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The Serpent, St. fillans Standing stone, the Chieftain, Loch Rannoch Spirit energy from graveyard Sun ley line Ley \line dopwn King Street, Crieff
David R. Cowan,  Baird Building, 48a East High Street, CRIEFF, Perthshire, PH7 3HZ. United Kingdom. E mail: davidcowan34@gmail.com ​I have two books on this subject: Ley Lines and Earth Energies, and Ley Lines of the UK and the USA (see next two pages).
Self portrait, David Cowan

LEY LINES

Above:

Standing

stones

and

circles

are

always

placed

above

geological

fissures.

The

energy

from

the

fissure

travels

up

and

into

the

stone

or

circle

and

is

then

transmitted

across

the

country

above

ground

as

a

stream

of

energy,

or

ley

line,

often

into

ancient

burial

grounds. 

Here,

"The

Chieftain"

megalith

on

the

shore

of

Loch

Rannoch

on

top

of

an

ancient

burial

ground,

with

Schiehallion,

the

faery

Hill

of

the

Caledonians

behind,

acts

like

a

prism

in

reverse,

the

energy

ley

transmitted

from its flat face.

Above:

The

"Serpent"

or

Crocodile"

of

St.

Fillans,

Perthshire,

on

an

energy

ley

line. 

Our

ancestors,

unaware

of

electromagnetic

waves

as

we

are,

nevertheless

worshipped

anything which

moved 

in

a

sinusoidal

fashion,

like

the

waves

from

"The

Chieftain"

and

other

standing

stones

-

and

serpents,

“dragons” snakes, or “wurrams.”.

Sacred

sites

were

always

placed

on

points

of

power,

the

most

sacred

between

two

or

more

volcanic

plugs

as

in

this

illustration,

left,

one

of

the

most

powerful

energy

leys

in

the

United

Kingdom:

from

the

resonant

Fingal's

Cave

on

the

volcanic

island

of

Staffa

to

an

extinct

volcano

on

Las

Palmas

de

Gran

Canaria

on

the

Canary

islands,

through

Iona

abbey,

one

of

the

oldest

and most sacred Christian centres in Western Europe.

 

 

 

 Energy

leys

were

used

in

a

number

of

different

ways:

to

send

streams

of

energy

through

their

old

burial

grounds

and,

oddly,

all

of

the

straight

streets

in

towns.

The

old

market

town

of

Crieff,

Perthshire,

Scotland,

for

instance,

has

practically

all

of

its

old

straight

roads

and

paths

aligned

to

standing

stones,

burial grounds and Neolithic burial chambers.

 

 

 Most

of

the

old

country

roads

around

this

told

own

are

also

aligned

in

this

manner

-

they

are

ancient

tracks.

 

 

Even

the

sixteenth

century

irrigation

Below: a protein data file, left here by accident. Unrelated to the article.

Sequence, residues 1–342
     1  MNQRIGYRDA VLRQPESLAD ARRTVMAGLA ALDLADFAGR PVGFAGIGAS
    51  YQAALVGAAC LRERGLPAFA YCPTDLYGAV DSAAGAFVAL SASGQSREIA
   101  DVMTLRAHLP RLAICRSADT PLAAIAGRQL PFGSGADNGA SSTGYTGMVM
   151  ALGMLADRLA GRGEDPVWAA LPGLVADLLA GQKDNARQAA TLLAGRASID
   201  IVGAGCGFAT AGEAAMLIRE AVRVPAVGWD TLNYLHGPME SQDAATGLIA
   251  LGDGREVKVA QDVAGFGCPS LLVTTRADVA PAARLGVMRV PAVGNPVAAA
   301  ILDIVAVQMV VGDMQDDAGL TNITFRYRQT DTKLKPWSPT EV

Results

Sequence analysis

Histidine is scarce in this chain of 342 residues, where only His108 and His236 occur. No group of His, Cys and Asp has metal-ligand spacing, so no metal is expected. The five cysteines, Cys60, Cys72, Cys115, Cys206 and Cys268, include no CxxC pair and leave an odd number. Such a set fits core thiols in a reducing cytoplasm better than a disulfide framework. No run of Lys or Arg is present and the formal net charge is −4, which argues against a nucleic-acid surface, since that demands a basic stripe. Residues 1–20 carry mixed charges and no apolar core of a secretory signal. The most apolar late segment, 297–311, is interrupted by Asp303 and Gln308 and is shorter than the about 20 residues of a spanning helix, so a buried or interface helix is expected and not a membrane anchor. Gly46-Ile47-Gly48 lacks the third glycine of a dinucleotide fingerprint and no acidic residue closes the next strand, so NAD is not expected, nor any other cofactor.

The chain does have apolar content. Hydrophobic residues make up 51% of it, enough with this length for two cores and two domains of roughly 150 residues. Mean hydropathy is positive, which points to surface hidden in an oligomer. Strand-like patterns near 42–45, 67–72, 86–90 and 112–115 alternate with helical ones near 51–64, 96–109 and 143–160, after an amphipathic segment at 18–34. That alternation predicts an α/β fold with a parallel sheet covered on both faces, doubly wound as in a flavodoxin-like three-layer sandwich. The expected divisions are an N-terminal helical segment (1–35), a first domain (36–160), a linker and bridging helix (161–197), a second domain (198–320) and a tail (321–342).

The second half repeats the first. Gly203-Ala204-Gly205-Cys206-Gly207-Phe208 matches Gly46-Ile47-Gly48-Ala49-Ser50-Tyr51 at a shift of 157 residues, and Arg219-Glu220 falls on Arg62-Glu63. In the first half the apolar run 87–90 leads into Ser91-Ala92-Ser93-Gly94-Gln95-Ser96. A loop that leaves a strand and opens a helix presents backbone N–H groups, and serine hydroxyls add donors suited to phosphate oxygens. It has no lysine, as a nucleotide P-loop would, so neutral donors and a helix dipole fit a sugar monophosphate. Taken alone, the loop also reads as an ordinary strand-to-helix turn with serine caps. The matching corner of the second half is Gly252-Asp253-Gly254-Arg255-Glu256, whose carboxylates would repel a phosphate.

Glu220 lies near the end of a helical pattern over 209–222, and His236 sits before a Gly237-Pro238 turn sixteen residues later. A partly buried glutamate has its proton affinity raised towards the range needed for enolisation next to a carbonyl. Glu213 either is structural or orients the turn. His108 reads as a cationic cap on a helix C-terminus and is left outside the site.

ditches

dug

by

the

Culdees

monks

are

aligned

to

ancient

sites.

The

whole

town

and

the

surrounding

countryside

has

been

geomantically

aligned

by

a

very

intelligent

priesthood

in touch with the planet and her energy.

Above: Until recently, all of the burial grounds around Crieff, at least, were placed above geological fissures.       Using divining rods, it is easy to find spirals of energy from each grave as a double intertwining energy. One wave is negative, its partner positive.    They travel to peoples homes, and to the people themselves, but particularly into their beds if there is a health problem.     Our ancestors were able to dump the unhealthy aspect of these energies back into the geological fault beneath the burial ground using several different methods.     Science does not yet understand everything!
Above: A typical ley line, using the energy from the Sun, a volcanic plug, and a castle running up King Street, Crieff, through st. Michael’s Church to a four stone circle on the golf course and on to two six stone circles at Tulybelton, near Perth. Notice that the streets marked in red are in the shape of a triangle.
The Youtube film below shows how standing stones and circles work, and a simple method of amplifying their energies. Also: Edinburgh’s three major streets aligned between two volcanic anomalies; energy leys down the streets of Comrie, Perthshire, Scotland; irrigation ditches dug by the Augustine Canons around the early 13th century.
Astonishingly, the local hospital, built in 1995 like a large figure 4, is aligned to four old churches, three with burial grounds, two War Memorials, a Manse, one standing stone, one stone circle, two paths to one of the churches, and crosses the site of the previous hospital, mostly within 3 miles!. I wonder what was the idea of aligning three of the wards to ancient sites, including burial grounds?
Ley Lines built in new hospital
Stone circle, clach na tiuompan, Glen almond Ley fropm Staffa to Las Palmas de Gran Canaria
Above: The Sun setting on the Winter Solstice at the foot of King Street, Crieff.
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